“Hold a pomegranate in your palm,
imagine ways to split it, think of the breaking
skin as shrapnel. “

Miss Beulah’s Braiding and Life Change Salon” by Eden Royce (LightSpeed) — “The chime above my shop door rings. It heralds a young woman wearing a head wrap boasting a network of silvery constellations on indigo, interspersed with the occasional yellow-gold moon.”

The World Ends in Salty Fingers and Sugared Lips” by Jenn Reese (Uncanny Magazine) — “We stop at the gas station in the desert, the last one for a hundred miles.”

On a Spaceship Somewhere, Long After the Empire’s Collapse” by by Jesús I Valles (The Slowdown) —

“Somehow, even in this future, amidst motherboards and cast-aside MREs,
Every Cool-Whip and Country Crock tub is still deceitful, more mystery than promise,”

Free Hugs” by Desmond Warzel (Psuedopod) — “The woman has, on a whim, embarked on a hike in unfamiliar woods, prodded by sudden nostalgia for an adventurous childhood. She soon discovers that the stream she has followed to avoid becoming lost is not natural, but rather the output of a large concrete tunnel set into a hillside; doubtless it is a conduit for the rainwater shrugged off by the nearby town.”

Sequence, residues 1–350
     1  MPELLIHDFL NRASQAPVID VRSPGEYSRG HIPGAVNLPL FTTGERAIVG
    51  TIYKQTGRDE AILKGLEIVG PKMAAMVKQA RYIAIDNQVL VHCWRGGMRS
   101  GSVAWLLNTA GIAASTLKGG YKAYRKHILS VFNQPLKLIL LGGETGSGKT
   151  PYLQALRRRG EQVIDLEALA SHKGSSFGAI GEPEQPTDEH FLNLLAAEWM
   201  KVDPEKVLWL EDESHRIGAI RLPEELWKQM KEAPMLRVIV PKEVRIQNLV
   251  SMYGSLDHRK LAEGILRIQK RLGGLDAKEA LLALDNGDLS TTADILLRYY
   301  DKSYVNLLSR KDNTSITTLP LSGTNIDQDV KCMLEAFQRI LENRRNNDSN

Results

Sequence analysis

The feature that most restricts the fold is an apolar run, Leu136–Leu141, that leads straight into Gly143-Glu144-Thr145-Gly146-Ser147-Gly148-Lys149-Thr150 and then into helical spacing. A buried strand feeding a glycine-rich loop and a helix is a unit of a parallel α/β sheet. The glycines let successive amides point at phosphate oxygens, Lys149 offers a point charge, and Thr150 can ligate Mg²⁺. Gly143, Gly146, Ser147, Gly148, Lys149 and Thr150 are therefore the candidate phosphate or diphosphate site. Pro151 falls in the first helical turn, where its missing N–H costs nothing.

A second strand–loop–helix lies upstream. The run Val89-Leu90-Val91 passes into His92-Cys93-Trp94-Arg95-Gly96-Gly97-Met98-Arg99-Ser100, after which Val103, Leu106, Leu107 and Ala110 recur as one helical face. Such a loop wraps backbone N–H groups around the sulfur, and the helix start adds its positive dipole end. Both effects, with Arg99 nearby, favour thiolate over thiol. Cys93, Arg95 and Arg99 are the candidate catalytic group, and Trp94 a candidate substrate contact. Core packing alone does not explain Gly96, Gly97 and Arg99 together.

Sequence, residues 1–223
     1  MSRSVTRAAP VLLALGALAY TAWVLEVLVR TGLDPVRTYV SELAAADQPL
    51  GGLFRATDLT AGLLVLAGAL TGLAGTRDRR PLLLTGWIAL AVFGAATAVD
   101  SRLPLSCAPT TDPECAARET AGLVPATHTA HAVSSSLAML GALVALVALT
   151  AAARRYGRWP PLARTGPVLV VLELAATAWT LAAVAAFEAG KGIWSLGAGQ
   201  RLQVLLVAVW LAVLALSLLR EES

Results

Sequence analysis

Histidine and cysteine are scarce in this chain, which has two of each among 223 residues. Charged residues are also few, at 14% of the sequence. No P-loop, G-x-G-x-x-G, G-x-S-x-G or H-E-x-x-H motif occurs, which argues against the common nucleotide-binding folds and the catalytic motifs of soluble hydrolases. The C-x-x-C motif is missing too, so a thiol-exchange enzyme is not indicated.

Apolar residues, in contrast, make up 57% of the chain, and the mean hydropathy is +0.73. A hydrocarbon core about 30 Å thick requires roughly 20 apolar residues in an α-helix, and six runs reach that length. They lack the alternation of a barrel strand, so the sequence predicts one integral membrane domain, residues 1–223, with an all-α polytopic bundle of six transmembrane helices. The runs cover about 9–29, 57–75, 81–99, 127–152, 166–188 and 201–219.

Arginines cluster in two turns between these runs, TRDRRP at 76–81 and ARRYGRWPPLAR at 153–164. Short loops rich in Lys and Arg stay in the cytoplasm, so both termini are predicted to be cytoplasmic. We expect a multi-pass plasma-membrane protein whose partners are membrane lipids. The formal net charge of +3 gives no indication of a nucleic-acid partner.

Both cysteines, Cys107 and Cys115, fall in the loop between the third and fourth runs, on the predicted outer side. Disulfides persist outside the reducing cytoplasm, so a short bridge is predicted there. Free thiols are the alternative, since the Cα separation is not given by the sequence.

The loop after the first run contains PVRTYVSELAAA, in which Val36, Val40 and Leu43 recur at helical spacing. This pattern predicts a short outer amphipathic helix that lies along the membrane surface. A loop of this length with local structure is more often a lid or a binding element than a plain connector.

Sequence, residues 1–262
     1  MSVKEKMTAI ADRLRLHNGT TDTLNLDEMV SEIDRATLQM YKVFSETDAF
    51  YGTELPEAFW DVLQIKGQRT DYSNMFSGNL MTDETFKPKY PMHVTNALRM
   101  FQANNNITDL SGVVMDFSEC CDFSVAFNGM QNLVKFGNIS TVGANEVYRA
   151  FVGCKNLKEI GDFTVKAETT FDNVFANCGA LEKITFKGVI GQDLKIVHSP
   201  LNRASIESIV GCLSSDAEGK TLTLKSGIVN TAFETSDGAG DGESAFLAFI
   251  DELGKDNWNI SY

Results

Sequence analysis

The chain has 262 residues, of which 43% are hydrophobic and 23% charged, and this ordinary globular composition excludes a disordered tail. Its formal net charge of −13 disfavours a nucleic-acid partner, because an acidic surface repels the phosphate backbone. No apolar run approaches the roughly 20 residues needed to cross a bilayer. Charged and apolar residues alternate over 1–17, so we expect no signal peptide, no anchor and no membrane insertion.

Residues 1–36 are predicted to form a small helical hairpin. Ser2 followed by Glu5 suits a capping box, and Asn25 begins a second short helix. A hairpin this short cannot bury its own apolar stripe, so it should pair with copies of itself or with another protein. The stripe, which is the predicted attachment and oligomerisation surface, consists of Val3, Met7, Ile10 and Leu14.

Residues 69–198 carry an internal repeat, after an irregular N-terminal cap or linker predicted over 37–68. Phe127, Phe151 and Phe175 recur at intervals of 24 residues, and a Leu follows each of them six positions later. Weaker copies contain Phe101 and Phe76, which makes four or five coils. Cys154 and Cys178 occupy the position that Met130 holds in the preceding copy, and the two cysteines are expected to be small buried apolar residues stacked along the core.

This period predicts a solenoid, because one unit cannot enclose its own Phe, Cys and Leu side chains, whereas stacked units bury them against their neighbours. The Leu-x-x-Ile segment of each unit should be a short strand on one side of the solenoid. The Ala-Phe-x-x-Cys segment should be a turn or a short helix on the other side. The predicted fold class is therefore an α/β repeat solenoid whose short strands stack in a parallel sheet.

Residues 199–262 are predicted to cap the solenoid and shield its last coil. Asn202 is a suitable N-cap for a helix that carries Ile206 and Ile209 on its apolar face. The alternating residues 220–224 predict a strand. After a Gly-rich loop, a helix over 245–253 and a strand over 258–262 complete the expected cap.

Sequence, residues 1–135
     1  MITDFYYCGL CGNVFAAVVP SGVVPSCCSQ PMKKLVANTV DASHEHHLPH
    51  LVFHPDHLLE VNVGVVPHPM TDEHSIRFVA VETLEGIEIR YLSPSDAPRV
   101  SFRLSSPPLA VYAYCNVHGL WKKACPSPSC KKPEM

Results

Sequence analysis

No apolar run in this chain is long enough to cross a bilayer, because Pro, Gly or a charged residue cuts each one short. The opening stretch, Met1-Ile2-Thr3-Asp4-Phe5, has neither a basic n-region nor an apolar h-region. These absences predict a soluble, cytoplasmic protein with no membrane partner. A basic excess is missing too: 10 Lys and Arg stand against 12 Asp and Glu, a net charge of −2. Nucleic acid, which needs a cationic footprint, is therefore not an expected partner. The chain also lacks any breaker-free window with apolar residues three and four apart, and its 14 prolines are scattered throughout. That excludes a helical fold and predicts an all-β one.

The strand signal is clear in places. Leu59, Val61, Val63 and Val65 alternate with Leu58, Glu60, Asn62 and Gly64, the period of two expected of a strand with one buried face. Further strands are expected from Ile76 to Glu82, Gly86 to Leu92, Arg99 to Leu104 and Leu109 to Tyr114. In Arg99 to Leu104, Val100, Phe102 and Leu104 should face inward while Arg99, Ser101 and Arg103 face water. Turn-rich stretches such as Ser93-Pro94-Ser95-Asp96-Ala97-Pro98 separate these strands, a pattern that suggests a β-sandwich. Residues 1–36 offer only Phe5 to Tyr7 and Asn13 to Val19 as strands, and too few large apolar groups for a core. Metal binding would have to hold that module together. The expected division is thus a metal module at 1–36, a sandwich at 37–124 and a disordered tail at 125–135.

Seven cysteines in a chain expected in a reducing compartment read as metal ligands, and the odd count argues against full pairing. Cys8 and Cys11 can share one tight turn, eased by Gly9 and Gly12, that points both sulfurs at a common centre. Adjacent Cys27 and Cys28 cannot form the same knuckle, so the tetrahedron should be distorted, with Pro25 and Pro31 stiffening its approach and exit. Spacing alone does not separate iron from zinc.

The Witch Speaks” by Rati Mehrotra (LightSpeed) — “As different as earth and sky. That is what they said about us. Yet even earth and sky meet at the horizon.”

Once More Unto the Breach (But Don’t Worry, the Inflatable Swords Are Latex-Free)” by Tina Connolly (Uncanny Magazine) — “You have always been at this birthday party. You will always be at this birthday party. Much like parenthood, the birthday party extends to fill every corner of your waking thoughts.”

Mercury in Retrograde” by Sheryl Luna (The Slowdown) —

“The day ended badly with a broken ankle,
a jinxed printer, and a dead car. The dry yellow grass
against the sunset saved me. “